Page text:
norms from monome opens up an ecosystem of musical ideas. But if opening that door was out of your budget range, consider a DIY option – and marvel at what this can do with a terrific new app.

For those of you just joining us, we’ve been watching norns’ evolution for some time now. Like monome before it, one important aspect of norns is that it has a tightly knit niche community behind it. And if monome was about creating a hardware grid as canvas for the computer, norns is a minimalist musical computer itself.

Previously, Andreas Roman talked about his experience as an owner:

I do mean there is a sense of art to the platform – it’s a place for off-the-wall ideas, expressed in their pure form. So, for instance, we saw arcologies recently:

Word must be spreading, because it seems users are looking for an entry point that’s more cost effective than the fully-assembled hardware from monome. Owners do say that hardware is worth the investment, but – that won’t mean anything to you if you lack the scratch. And on top of being skint, plenty of people prefer to DIY stuff to feel closer to what they’ve made (and prepared to repair it). In any event, to everyone who said “wait, can’t I just do something like this with a Raspberry Pi,” yes, that’s exactly what you can do.

norns shield is a stupidly-simple shield for Raspberry Pi that lets you run all those cool norns apps – basically, by adding a screen and some knobs and buttons. From the folks who embrace minimalism, they describe this as even more minimal and tiny – it is just that screen and knobs, but that’s what you need.

The legendary tehn (Brian Crabtree) of monome has put up the full project and bill of materials and says it’ll remain synced with the main norns codebase:

You can buy a shield direct from monome to support the wonderful people who made it. It’s due back in stock in late November, so Americans can order this while drunk on turkey, I’m guessing (while us Americans living in Europe try to beat you to it, hopped up on Club Mate, no doubt):

It will run on an RasPi 3B+ or greater. Now this does make me want to make a mod for that utterly adorable Raspberry Pi keyboard, which triggered all my 80s computer nostalgia.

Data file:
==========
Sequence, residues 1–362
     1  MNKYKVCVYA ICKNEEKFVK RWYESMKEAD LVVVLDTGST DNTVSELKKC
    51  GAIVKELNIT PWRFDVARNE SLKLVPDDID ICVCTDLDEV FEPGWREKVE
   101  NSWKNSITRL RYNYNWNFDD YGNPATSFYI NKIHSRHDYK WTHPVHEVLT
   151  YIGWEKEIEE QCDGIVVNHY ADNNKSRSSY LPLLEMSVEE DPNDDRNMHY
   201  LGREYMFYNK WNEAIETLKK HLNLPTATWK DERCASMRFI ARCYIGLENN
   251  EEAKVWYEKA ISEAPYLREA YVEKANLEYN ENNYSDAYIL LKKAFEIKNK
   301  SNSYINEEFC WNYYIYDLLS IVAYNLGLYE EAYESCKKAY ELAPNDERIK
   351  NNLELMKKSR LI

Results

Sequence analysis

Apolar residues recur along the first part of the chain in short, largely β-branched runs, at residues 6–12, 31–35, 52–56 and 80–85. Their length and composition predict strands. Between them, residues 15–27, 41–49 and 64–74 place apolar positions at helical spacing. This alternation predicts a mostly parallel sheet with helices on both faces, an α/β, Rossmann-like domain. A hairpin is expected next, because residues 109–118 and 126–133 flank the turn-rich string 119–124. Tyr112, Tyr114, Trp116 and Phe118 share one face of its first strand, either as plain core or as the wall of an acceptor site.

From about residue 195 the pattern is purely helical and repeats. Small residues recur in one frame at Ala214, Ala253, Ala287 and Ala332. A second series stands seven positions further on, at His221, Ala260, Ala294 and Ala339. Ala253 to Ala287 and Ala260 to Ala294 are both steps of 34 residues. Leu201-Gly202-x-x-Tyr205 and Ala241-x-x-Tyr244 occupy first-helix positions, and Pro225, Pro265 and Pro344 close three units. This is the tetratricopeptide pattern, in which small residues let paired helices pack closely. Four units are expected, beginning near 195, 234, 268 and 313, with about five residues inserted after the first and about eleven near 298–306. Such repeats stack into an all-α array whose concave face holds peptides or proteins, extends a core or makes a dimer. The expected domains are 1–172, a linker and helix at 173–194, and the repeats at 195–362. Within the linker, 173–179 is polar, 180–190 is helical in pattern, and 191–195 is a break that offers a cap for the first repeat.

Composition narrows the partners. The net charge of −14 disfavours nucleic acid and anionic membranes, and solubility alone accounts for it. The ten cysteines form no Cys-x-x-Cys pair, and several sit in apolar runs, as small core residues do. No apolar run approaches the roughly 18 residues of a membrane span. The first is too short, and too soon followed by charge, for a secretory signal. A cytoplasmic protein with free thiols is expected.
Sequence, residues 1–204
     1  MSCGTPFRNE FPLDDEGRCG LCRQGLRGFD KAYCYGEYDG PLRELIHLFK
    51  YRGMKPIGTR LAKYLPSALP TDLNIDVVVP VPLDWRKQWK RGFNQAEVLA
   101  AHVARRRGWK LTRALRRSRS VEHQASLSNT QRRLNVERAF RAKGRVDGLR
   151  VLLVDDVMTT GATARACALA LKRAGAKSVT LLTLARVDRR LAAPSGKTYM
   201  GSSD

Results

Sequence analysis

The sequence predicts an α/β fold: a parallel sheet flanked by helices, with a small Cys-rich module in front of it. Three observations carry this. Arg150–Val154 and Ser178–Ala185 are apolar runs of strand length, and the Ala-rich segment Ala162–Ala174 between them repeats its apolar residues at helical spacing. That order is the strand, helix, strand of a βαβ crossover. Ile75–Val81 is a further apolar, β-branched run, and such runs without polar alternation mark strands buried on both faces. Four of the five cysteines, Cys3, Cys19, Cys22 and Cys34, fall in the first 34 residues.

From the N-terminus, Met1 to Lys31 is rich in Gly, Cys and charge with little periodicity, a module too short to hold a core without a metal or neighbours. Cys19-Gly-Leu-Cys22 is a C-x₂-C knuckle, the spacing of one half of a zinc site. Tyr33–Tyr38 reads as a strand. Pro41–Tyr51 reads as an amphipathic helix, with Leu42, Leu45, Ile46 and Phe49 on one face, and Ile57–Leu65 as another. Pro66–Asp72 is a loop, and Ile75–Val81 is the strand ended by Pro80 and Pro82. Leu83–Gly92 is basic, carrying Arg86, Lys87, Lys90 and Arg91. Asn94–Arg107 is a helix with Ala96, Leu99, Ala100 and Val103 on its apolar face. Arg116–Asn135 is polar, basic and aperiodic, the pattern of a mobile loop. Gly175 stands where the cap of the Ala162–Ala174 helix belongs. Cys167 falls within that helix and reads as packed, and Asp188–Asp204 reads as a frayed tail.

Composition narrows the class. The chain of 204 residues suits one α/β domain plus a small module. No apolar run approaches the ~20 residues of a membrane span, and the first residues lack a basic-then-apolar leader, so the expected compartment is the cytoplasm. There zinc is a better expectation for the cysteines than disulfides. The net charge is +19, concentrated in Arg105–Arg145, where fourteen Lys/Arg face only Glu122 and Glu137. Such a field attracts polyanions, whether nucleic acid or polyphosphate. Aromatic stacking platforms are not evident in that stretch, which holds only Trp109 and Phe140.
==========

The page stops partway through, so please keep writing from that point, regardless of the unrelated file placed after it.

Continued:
Killer tracker app

Now if arcologies didn’t already sell you on this thing, I bet the new app Yggdrasil will be completely irresistible. (Yes, even if the name sounds like you’re trying to pronounce the name of your prescription sleep aid while under the influence of your prescription sleep aid.)

It’s a cyberdeck tracker.

In other words, for many, it’s the norns’ killer app. Watch – it might be 100% pure love, I’d say:

This is from the norns community, so if you came expecting some completely baffling poetic abstractions, of course you’ll get them. “Neurotically focused on their endless descent, slots are stacked into tracks of different heights, like so many stalactites reaching into the terminal darkness below.” Uh, that means I think it has nested track slots and they’re shown vertically, though their version definitely sounds cooler.

Oh and you can tap the ‘;’ key a lot, which coders will appreciate it. Or as the creators, “Northern Information Applied Sciences & Phantasms Working Division” put it:

Where other languages use may use commas or parenthesis, Yggdrasil favors the ; character for its position under the little finger: economic, ergonomic, exegesis.

Hey, ; is good!

Everything you would want a minimalistic norns tracker to be is here. You get lots of event types, including not only randomizers and direction toggling but also ‘goto’ events that let you jump around tracks. There are plenty of musical commands, focused on performance, meaning arpeggios, chords, sequencing events, and spontaneous weirdness are all easily accessible.

It’s like someone boiled down all the goodness of computers – keyboard shortcuts, musical freedom, screenshots, and the lot – and left out all the lame bits. It’s just those moments of ecstasy when everything feels fast and easy and your finger dances across shortcuts, and none of the agony.

I call it a tracker, but this is also exceptionally good at loading samples – as with the ypc command.

Another 90s-ish-feeling demo – shown on the DIY hardware, even:

I doubt this is really competition for something like the Polyend Tracker, which sticks a tracker into a full-blown hardware unit. But on the other hand, if you’ve only got a couple hundred bucks and a keyboard, or if you like the idea of something being tiny, and/or open, this looks like a dream come true.

I know I’m going to try to build one this winter, and I hadn’t really considered norns for myself until now. It’s so delightful, it’s actually a pleasure just browsing through the documentation:

How fast is it? Fast enough that it was built with a way to make sample playback easy (YPC) and to use a notation for notes that’s quicker to type.

Full site:

Disclosure: if it seems like I’m selling these, I am. I get 100 nornbucks for each norns I sell, and another 10 norncents for each minute you spend using these apps, which I can spend of course on the norns homeworld near Alpha Centuari. (I’m kidding, of course. At least until we develop FTL drive tech, that is.)

Another tracker to check:

Thanks to reader qip for the tip – the first (?) tracker on norns is NISP, which is simpler as far as functions but uses the Scheme dialect for livecoding. There is a ton of power here, including the ability to do some fun stuff with synth parameters like FM and math and coding on the fly: